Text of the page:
On the difficulty of language: prerequisites for NLP with deep learning

1 Preface

This section is virtually just my essay on language. You can skip this if you want to get down on more technical topic.

As I do not study in natural language processing (NLP) field, I would not be able to provide that deep insight into this fast changing deep leaning field throughout my article series. However at least I do understand language is a difficult and profound field, not only in engineering but also in many other study fields. Some people might be feeling that technologies are eliminating languages, or one’s motivations to understand other cultures. First of all, I would like you to keep it in mind that I am not a geek who is trying to turn this multilingual world into a homogeneous one and rebuild Tower of Babel, with deep learning. I would say I am more keen on social or anthropological sides of language.

I think you would think more about languages if you have mastered at least one foreign language. As my mother tongue is Japanese, which is totally different from many other Western languages in terms of characters and ambiguity, I understand translating is not what learning a language is all about. Each language has unique characteristics, and I believe they more or less influence one’s personalities. For example, many Western languages make the verb, I mean the conclusion, of sentences clear in the beginning part of the sentences. That is also true of Chinese, I heard. However in Japanese, the conclusion comes at the end, so that is likely to give an impression that Japanese people are being obscure or indecisive. Also, Japanese sentences usually omit their subjects. In German as well, the conclusion of a sentences tend to come at the end, but I am almost 100% sure that no Japanese people would feel German people make things unclear. I think that comes from the structures of German language, which tends to make the number, verb, relations of words crystal clear.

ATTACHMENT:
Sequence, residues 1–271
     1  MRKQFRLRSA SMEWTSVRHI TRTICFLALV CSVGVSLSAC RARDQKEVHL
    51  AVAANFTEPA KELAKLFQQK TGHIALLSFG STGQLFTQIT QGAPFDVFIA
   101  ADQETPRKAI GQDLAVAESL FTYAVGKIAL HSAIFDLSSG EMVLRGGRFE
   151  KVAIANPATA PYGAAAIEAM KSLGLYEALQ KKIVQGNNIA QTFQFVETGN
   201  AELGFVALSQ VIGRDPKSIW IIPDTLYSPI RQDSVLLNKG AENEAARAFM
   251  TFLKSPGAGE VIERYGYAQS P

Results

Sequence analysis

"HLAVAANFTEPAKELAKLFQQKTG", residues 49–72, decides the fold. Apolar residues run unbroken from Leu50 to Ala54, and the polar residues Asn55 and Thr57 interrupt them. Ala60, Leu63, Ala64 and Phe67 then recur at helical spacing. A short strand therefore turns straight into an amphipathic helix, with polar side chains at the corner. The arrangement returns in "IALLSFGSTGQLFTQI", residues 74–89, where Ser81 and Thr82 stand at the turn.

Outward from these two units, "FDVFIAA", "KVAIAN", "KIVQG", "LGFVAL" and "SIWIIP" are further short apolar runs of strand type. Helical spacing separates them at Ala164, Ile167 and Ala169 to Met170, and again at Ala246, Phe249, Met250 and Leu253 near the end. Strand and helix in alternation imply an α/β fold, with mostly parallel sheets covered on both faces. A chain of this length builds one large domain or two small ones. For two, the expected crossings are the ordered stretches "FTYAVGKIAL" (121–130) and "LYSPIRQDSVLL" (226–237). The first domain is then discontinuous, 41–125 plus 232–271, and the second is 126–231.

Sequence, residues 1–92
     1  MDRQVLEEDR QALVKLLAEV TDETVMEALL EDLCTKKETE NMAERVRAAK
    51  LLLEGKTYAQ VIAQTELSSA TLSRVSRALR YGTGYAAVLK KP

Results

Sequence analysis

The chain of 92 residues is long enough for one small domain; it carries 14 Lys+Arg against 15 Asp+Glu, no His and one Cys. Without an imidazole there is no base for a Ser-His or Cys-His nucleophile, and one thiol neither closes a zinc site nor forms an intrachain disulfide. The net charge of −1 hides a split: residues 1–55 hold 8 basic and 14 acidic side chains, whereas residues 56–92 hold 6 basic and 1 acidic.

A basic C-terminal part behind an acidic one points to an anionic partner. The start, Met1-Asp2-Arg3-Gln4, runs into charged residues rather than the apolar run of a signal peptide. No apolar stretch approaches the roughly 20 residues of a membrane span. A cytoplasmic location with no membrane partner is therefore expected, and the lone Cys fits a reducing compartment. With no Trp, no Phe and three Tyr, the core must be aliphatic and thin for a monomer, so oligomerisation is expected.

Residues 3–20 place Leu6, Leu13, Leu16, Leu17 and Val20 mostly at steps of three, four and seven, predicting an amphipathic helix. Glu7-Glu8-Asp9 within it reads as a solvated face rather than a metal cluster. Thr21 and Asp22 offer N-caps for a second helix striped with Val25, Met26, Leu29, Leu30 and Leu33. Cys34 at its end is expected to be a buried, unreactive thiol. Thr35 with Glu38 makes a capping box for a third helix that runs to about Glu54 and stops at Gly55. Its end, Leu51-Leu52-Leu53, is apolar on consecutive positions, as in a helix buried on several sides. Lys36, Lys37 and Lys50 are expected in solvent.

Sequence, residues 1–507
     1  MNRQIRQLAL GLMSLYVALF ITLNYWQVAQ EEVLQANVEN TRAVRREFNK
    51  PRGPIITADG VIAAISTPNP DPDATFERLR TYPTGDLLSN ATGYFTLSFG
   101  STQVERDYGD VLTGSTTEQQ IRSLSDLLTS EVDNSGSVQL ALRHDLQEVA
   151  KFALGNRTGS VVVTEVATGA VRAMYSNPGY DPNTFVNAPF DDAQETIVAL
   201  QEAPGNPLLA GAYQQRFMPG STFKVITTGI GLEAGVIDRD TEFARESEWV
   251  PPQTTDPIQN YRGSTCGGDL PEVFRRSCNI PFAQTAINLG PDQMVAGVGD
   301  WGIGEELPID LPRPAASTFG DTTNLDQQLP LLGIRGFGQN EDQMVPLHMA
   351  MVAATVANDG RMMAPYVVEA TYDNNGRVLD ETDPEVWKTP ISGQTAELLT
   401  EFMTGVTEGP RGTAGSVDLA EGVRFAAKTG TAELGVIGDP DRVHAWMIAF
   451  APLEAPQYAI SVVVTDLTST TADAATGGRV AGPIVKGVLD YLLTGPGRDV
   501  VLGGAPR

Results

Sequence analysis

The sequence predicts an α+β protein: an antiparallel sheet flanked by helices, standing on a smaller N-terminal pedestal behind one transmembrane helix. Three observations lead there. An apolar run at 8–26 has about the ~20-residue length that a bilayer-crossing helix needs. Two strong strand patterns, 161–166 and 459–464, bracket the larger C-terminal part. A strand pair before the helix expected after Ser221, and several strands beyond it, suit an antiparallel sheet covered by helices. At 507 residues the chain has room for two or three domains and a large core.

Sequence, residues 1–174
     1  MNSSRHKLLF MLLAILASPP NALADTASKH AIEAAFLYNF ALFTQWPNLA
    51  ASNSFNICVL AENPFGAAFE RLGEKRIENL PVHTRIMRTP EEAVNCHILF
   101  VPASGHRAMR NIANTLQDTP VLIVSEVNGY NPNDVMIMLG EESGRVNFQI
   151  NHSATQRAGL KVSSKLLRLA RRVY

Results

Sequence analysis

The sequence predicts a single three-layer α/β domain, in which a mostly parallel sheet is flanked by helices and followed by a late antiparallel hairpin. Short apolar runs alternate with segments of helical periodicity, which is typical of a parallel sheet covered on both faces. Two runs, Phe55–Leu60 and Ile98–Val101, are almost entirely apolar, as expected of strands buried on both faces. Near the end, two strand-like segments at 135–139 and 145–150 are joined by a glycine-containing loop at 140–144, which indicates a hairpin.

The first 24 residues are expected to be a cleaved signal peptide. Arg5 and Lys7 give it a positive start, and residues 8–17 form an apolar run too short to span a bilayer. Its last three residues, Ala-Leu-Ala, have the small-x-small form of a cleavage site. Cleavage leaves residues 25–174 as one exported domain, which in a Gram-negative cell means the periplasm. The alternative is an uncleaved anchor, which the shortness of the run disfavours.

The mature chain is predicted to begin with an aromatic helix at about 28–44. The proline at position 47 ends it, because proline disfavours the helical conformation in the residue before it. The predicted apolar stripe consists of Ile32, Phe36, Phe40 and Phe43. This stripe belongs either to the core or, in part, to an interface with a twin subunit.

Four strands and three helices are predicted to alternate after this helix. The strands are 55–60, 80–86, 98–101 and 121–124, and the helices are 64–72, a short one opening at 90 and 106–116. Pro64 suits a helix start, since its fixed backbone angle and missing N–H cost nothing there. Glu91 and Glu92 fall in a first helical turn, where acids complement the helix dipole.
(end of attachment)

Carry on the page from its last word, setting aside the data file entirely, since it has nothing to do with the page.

Let’s take an example to see how obscure Japanese is. A Japanese sentence 「頭が赤い魚を食べる猫」can be interpreted in five ways, depending on where you put emphases on.

Common sense tells you that the sentence is likely to mean the first two cases, but I am sure they can mean those five possibilities. There might be similarly obscure sentences in other languages, but I bet few languages can be as obscure as Japanese. Also as you can see from the last two sentences, you can omit subjects in Japanese. This rule is nothing exceptional. Japanese people usually don’t use subjects in normal conversations. And when you read classical Japanese, which Japanese high school students have to do just like Western students learn some of classical Latin, the writings omit subjects much more frequently.

*However interestingly we have rich vocabulary of subjects. The subject “I” can be translated to 「私」、「僕」、「俺」、「自分」、「うち」etc, depending on your personality, who you are talking to, and the time when it is written in.

I believe one can see the world only in the framework of their language, and it seems one’s personality changes depending on the language they use. I am not sure whether the language originally determines how they think, or how they think forms the language. But at least I would like you to keep it in mind that if you translate a conversation, for example a random conversation at a bar in Berlin, into Japanese, that would linguistically sound Japanese, but not anthropologically. Imagine that such kind of random conversation in Berlin or something is like playing a catch, I mean throwing a ball named “your opinion.” On the other hand,  normal conversations of Japanese people are in stead more of, I would say,  “resonance” of several tuning forks. They do their bests to show that they are listening to each other, by excessively nodding or just repeating “Really?”, but usually it seems hardly any constructive dialogues have been made.